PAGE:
1929: SOUTHERN MARTLET: The Southern Aircraft Company was established by F.G.Miles in 1926 and following acquisition of a number of airframes and components from a former Avro Factory including a two seat Avro Baby, development commenced with a variety of engine types on a sporting aircraft. The aircraft is designated as a single seat aerobatic sporting biplane, powered by a 105hp Armstrong Siddeley Genet Major five cylinder radial engine, with a maximum speed of 120mph at 5,000 feet.




1931: AVRO TUTOR 621: Designed in 1929 as a two seat biplane to replace the Avro 504N, the 621 was used by the RAF Central Flying School (CFS), the CFS Display Team, RAF College Cranwell and fifteen examples were manufactured for the Seaplane flight at Calshot. This aircraft, #K3215, was the only surviving example by 1949. The aircraft is powered by a 240hp Armstrong-Siddeley Lynx IVC, seven cylinder radial engine, with a maximum speed of 122mph at 1,000 feet.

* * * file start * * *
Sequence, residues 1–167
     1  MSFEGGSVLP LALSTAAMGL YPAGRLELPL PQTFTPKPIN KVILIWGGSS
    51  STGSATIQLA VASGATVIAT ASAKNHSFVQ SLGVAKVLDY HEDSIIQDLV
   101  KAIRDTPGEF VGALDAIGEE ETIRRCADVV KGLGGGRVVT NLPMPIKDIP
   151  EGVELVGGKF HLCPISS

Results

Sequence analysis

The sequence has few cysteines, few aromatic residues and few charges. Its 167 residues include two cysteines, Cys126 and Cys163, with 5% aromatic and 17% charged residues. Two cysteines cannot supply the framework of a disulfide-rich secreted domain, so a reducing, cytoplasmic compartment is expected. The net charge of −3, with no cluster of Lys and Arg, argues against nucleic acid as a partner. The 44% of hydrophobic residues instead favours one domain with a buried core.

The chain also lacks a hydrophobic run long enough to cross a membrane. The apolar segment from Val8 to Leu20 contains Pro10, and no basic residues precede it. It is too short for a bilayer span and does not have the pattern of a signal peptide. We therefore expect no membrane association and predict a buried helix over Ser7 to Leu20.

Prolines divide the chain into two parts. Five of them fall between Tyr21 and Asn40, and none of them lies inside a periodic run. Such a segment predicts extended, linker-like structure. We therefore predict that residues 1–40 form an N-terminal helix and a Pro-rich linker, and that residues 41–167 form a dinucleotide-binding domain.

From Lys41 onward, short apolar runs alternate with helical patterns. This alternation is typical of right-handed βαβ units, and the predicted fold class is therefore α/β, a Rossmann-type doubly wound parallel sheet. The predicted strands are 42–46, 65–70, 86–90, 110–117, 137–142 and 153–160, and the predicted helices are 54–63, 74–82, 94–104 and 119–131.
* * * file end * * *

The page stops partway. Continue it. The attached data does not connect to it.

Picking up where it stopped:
1931: DH 82 TIGER MOTH: Developed from the successful DH 60G Gipsy Moth, the Tiger Moth first flew in 1931. Variations compared to the Moth include an inverted Gipsy III engine to improve the pilot's view and the characteristic wing sweep to keep lift and weight in balance due to the relocation of the centre struts which were moved to assist pilot egress by parachute. The Tiger Moth was an excellent wartime trainer and numerous examples are still flown all over the world by Sporting Pilots. This aircraft was rebuilt from two donor Tiger Moths and it is finished in the RAF Central Flying School Aerobatic Team colours. The aircraft is designated as a two seat elementary trainer with aerobatic capabilities biplane, powered by a 130hp DH Gipsy four cylinder in-line engine, with a maximum speed of 107mph.